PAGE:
Rhinoceros Auklet
(Cerorhinca monocerata)


Picture of bird
© Andrew A Reding - License
For additional photos and vocalizations, visit Dendroica. (Link opens in a new window.)

Rhinoceros Auklets breed in colonies on offshore islands of the temperate North Pacific. Because they visit their colonies primarily at night and nest in deep burrows, it is difficult to monitor their abundance. Counts of occupied burrows suggest that the population’s abundance has changed little relative to about 1970. However, disruptions in marine food webs and predator introductions to their nesting colonies have affected reproduction and survival. Rhinoceros Auklets are highly susceptible to mortality from entanglement in commercial gillnets. This species has been identified as a priority for conservation and/or stewardship in one or more Bird Conservation Region Strategies in Canada.


Main designations for the species
DesignationStatusDateSubspecies, population
IUCN (Global)Least concern2018 
Wild Species (Canada)Apparently secure2015 
Bird Conservation Region StrategyPriority Species2013 

Population status

Geographic area or populationPopulation change relative to ~1970ReliabilityStatus in relation to goal
CanadaLittle ChangeMediumAt an Acceptable Level

Population estimate

Geographic area or populationPopulation estimate
Canada700,000 - 800,000 breeding birds

Distribution maps


Migration strategy, occurrence

Short-distance migrant

Responsibility for conservation

Geographic areaResponsibility based on % of global population

Conservation and management

Predation from introduced raccoons has reduced counts of Rhinoceros Auklet at Helgesen and Saunders Islands in Haida Gwaii (Gaston and Dechesne 1996), but abundance in this region is generally increasing otherwise. Also, variability in reproductive success is related to disruptions in the marine food web (Gaston et al. 2009). Specifically, spring phytoplankton concentrations and subsequent recruitment of Pacific sandlance (Ammodytes hexapterus) an important component of the diet fed to nestlings, appear to be strong predictors of auklet breeding success, and vary among years in response to changing wind patterns (Borstad et al. 2011). The Rhinoceros Auklet is vulnerable to entanglement in gillnets in the waters off British Columbia. The declining population trend on Pine Island may be due, at least in part, to the relatively intense fishing effort in nearby waters (L. Wilson, ECCC, pers.comm.). The Rhinoceros Auklet is a sentinel species for marine contaminants trends in British Columbia (Elliott and Elliott 2013).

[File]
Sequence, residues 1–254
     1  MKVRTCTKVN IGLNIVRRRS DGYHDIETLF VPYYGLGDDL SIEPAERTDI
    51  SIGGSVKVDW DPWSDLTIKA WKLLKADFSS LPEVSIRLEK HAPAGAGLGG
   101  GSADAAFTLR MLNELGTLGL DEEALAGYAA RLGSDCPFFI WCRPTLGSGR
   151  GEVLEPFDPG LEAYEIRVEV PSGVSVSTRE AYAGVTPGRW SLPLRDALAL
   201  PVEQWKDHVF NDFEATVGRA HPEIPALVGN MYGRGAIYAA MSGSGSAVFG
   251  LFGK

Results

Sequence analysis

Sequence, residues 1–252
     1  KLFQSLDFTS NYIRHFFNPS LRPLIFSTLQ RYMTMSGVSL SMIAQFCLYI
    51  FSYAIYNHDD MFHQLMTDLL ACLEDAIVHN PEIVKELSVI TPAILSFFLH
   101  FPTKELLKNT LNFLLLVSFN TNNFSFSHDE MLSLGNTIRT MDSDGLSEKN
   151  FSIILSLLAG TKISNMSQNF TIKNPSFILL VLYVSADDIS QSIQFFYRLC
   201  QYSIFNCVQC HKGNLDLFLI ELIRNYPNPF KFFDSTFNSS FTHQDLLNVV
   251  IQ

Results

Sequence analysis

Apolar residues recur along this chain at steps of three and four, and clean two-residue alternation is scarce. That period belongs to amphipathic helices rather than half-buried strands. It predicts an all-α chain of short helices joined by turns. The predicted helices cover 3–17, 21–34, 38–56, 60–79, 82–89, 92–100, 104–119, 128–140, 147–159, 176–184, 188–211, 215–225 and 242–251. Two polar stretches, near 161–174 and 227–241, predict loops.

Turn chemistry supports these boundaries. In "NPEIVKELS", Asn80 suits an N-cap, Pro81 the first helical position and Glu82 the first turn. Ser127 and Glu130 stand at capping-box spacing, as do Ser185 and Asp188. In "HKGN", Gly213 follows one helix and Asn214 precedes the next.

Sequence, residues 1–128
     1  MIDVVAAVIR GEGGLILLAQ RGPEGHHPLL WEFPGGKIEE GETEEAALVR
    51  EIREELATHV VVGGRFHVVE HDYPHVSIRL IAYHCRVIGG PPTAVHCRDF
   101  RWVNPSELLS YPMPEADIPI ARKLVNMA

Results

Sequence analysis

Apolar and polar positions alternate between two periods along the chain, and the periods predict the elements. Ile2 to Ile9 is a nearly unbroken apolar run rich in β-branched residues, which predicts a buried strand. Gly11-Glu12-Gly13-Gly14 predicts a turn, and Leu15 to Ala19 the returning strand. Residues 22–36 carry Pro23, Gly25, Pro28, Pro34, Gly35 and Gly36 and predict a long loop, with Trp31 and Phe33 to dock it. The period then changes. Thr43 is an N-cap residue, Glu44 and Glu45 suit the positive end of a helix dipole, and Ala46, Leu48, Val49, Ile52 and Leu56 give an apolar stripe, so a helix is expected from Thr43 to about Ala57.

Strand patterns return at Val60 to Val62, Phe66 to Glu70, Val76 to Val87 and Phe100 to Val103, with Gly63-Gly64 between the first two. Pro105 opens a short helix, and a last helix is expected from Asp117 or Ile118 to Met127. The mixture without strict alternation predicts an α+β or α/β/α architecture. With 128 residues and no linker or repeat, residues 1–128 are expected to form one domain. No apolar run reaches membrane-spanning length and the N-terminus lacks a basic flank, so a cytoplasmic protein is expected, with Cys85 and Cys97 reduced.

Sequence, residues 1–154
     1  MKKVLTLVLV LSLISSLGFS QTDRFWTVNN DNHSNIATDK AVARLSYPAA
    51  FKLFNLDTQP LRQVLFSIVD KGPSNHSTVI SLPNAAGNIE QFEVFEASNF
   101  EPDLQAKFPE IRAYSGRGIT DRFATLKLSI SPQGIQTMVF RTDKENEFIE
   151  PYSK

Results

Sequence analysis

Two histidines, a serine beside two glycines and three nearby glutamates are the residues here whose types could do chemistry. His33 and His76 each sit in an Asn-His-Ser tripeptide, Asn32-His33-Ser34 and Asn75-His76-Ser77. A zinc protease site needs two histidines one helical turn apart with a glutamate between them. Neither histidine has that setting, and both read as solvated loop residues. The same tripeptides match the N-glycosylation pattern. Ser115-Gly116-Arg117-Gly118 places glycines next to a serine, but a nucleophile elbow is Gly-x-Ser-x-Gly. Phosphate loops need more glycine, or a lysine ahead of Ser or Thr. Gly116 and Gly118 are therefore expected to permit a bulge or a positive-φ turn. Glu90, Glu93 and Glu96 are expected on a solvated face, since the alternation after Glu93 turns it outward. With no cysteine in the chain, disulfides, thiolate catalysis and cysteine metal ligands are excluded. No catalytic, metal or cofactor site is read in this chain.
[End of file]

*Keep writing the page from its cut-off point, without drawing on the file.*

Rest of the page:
Bird conservation region strategies

Environment and Climate Change Canada and partners have developed Bird Conservation Region Strategies in each of Canada’s Bird Conservation Regions (BCRs). In these strategies, selected species are identified as priorities for one or more of the following reasons:

  • conservation concerns (i.e., species vulnerable due to population size, distribution, population trend, abundance, or threats)
  • stewardship responsibilities (i.e., species that typify the regional avifauna or have a large proportion of their range or population in the sub-region)
  • management concerns (i.e., species that require ongoing management because of their socio-economic importance as game species, or because of their impacts on other species or habitats)
  • other concerns (i.e., species deemed a priority by regional experts for other reasons than those listed above or because they are listed as species at risk or concern at the provincial level)

Select any of the sub-regions below to view the BCR strategy for additional details.

BCRs, marine biogeographic units, and sub-regions in which the species is listed as a priority
RegionSub-region and priority type
Northern Pacific RainforestNorthern Pacific Rainforest, sub-region and priority type: Pacific and Yukon -- Stewardship